The God Helmet: Junk psychiatric science: 2002 AD!

The God Helmet


"The God Spot
of the brain"

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  1. Psychiatrists are generally atheists who believe in evolution. They believe that the tendency for man to believe in God and worship a creator is just a trick the chemicals of the brain play on the neurons.
  2. Echoing Phrenology, they believe the exact place in the brain can be pinpointed where this "faith in a creator" and "spiritual experiences" originate from. They believe in what is called, "The God Spot". This is an area of the brain that makes Christians out of atheists. If they can just fix this malfunctioning part of the brain (because God doesn't exist) then they can rid man kind of this silly notion of a creator. The new world national anthem they envision is John Lennon's Imagine : "Imagine there's no Heaven. It's easy if you try. No hell below us. Above us only sky. Imagine all the people. Living for today. no religion too. Imagine all the people. Living life in peace."
  3. Psychiatrists, already adherents to evolution, believe the prevalence of religion in all cultures is because of a malfunctioning part of the brain and that evolution will one day fix! Well they believe they have found the God Spot of the brain and can therefore rid the world of religion, bring world peace... and make themselves rich!
  4. The God Helmet was invented in 2002 AD by psychologist Michael Persinger to induce a spiritual experience into the brain with magnetism.
  5. "But recently, materialistic explanations of religion and spirituality have gotten out of hand. Influenced by this materialistic prejudice, popular media jump at stories about the violence gene, the fat gene, the monogamy gene, the infidelity gene, and now, even a God gene! The argument goes like this: evolutionary psychologists attempt to explain human spirituality and belief in God by insisting that cave dwellers in the remote past who believed in a supernatural reality were more likely to pass on their genes than cave dwellers who didn't. Progress in genetics and neuroscience has encouraged some to look, quite seriously, for such a God gene, or else a God spot, module, factor, or switch in the human brain. By the time the amazing "God helmet" (a snowmobile helmet modified with solenoids that purportedly could stimulate subjects to experience God) in Sudbury, Canada, became a magnet for science journalists in the 1990s (the Decade of the Brain), materialism was just about passing beyond parody. Nonetheless, materialists continue to search for a God switch. Such comic diversions aside, there is no escaping the nonmaterialism of the human mind." (The Spiritual Brain, Mario Beauregard Ph.D., Neuroscientist, 2007, p xiv)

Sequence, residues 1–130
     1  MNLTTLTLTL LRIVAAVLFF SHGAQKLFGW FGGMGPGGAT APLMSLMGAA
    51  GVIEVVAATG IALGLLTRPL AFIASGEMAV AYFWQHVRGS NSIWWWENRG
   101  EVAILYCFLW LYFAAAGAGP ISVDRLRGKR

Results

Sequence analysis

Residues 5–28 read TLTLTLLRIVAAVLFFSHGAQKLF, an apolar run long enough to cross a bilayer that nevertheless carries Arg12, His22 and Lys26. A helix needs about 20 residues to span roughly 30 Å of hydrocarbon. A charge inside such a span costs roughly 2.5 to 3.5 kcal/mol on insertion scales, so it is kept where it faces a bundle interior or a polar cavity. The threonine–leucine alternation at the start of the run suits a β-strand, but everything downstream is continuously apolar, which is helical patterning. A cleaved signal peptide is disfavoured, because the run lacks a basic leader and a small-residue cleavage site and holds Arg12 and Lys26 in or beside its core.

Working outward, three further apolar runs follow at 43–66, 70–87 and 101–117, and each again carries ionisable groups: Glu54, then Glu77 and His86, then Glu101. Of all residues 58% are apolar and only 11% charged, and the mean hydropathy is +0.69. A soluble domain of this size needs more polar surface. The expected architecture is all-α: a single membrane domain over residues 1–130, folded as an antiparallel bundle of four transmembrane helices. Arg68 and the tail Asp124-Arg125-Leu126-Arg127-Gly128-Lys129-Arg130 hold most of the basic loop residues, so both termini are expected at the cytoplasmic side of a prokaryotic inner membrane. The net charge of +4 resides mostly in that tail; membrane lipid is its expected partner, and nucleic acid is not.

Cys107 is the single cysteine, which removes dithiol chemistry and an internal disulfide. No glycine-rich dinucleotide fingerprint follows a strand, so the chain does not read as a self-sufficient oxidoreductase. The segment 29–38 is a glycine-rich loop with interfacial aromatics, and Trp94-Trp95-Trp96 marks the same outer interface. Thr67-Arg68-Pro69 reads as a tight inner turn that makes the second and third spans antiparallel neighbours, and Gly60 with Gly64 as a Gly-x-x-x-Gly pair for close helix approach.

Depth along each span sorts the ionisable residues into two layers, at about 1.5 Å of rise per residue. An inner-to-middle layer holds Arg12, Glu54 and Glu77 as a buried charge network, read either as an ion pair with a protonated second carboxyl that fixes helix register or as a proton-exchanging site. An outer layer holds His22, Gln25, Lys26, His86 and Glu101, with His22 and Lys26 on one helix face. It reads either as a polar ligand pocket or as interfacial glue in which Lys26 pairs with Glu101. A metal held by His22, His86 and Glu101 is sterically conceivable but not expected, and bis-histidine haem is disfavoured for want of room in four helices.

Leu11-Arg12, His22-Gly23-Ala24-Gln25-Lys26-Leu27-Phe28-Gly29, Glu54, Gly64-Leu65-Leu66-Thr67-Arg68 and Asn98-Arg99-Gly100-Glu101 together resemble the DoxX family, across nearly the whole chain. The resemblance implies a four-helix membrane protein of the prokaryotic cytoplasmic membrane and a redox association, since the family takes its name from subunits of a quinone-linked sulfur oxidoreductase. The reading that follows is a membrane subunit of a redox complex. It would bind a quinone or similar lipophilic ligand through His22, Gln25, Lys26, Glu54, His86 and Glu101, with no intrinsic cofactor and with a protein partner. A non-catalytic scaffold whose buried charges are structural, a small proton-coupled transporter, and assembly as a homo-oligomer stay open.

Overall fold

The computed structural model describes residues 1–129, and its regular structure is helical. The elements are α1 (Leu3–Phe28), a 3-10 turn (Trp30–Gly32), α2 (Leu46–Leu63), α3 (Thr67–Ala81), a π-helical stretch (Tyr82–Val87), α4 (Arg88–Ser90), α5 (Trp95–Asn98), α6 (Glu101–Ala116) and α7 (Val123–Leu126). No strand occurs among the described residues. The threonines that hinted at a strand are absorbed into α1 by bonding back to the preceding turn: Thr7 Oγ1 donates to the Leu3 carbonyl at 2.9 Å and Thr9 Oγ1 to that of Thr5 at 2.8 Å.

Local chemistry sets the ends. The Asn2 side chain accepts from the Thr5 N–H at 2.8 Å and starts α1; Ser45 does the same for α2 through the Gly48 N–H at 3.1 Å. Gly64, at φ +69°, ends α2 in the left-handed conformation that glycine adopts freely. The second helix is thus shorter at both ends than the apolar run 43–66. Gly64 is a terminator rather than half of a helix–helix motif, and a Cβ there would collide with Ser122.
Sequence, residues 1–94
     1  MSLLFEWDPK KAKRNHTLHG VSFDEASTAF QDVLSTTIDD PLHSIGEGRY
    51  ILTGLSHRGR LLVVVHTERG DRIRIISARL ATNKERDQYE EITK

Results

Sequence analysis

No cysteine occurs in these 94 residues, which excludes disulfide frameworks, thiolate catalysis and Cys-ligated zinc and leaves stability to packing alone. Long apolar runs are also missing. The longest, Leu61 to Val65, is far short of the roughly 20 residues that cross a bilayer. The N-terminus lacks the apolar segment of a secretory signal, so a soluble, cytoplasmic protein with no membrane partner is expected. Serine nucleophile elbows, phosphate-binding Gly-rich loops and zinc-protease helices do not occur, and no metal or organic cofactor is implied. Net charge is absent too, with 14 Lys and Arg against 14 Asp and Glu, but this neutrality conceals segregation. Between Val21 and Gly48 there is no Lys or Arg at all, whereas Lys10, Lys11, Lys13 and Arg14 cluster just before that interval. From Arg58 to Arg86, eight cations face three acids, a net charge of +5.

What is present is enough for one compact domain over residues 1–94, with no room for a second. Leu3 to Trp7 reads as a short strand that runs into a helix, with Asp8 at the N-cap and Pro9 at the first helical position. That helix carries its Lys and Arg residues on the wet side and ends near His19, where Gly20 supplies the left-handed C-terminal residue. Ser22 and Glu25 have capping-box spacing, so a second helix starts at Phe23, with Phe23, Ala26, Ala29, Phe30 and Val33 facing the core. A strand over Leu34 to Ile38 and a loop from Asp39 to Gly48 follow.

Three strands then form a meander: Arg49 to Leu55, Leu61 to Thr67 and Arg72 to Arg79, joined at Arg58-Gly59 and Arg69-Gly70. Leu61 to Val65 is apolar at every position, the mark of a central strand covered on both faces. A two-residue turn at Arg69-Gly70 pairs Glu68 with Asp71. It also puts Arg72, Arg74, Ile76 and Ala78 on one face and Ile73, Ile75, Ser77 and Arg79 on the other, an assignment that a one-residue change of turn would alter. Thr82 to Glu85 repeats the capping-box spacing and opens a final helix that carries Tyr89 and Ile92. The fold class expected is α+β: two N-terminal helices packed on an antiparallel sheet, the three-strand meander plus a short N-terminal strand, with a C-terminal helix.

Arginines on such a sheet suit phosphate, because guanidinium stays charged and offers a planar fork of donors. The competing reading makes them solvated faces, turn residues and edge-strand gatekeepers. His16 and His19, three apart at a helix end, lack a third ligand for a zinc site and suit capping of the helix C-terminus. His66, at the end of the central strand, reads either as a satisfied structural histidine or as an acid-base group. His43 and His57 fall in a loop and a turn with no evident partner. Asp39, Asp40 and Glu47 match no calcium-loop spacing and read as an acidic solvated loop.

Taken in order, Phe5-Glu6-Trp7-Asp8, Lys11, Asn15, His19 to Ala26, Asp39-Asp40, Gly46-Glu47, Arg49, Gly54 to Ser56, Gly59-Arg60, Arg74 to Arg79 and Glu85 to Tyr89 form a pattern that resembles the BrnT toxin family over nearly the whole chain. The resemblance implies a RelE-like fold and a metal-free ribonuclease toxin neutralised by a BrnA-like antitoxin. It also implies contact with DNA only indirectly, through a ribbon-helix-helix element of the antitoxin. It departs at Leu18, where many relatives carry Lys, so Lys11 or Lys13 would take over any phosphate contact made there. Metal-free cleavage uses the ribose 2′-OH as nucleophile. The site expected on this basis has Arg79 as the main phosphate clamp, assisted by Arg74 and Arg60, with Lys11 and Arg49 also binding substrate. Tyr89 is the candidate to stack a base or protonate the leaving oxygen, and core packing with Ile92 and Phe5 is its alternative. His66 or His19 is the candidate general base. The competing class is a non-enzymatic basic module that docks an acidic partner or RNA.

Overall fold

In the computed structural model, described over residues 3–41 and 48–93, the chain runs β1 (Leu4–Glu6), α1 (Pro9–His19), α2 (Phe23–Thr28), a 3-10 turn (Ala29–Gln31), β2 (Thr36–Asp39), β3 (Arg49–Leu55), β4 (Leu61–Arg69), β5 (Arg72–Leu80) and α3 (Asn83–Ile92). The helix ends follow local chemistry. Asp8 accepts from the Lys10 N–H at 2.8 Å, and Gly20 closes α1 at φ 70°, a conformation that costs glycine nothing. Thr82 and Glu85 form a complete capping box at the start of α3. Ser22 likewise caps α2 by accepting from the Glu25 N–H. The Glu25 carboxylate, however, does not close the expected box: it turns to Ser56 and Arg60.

6. Michael Persinger even began marketing a consumer version of the "God helmet".
  7. Even atheist Richard Dawkins embarrassed himself by flying 7000 miles to try it on and experience God for himself! He felt nothing. Richard Dawkins is supposed to be one of the smartest men on earth, yet actually tried on the God Helmet because he believes man only physical and that all spirituality is just chemical reactions in the brain! "For even though they knew God, they did not honor Him as God or give thanks, but they became futile in their speculations, and their foolish heart was darkened. Professing to be wise, they became fools, and exchanged the glory of the incorruptible God for an image in the form of corruptible man and of birds and four-footed animals and crawling creatures." Romans 1:21-23
  8. Neurological studies has confirmed that religious/spiritual/mystical experiences activate almost every area of the brain, not a single lobe of the brain as Phrenology influenced Psychiatrists believe.

A. religious/spiritual/mystical experiences activate almost the whole brain, not just in the "God spot"

  1. "Our findings demonstrate that there is no single "God spot" in the brain located in the temporal lobes. Rather our objective and subjective data suggest that RSMEs [religious/spiritual/mystical experiences] are complex and multidimensional and mediated by a number of brain regions normally implicated in perception, cognition, emotion, body representation, and self-consciousness." (The Spiritual Brain, Mario Beauregard Ph.D., Neuroscientist, 2007, p272)
  2. "We learned two valuable things from our studies. The results of the two studies, taken together (QEEG and fMRI), dispose of the notion that there is a God spot in the temporal lobes of the brain that can somehow "explain" RSMEs [religious/spiritual/mystical experiences]. The results of our fMRI and QEEG studies suggest that RSMEs are neurally instantiated by different brain regions involved in a variety of functions, such as self-consciousness, emotion, body representation, visual and motor imagery, and spiritual perception. This conclusion correlates well with subjects' descriptions of RSMEs as complex and multidimensional." (The Spiritual Brain, Mario Beauregard Ph.D., Neuroscientist, 2007, p274)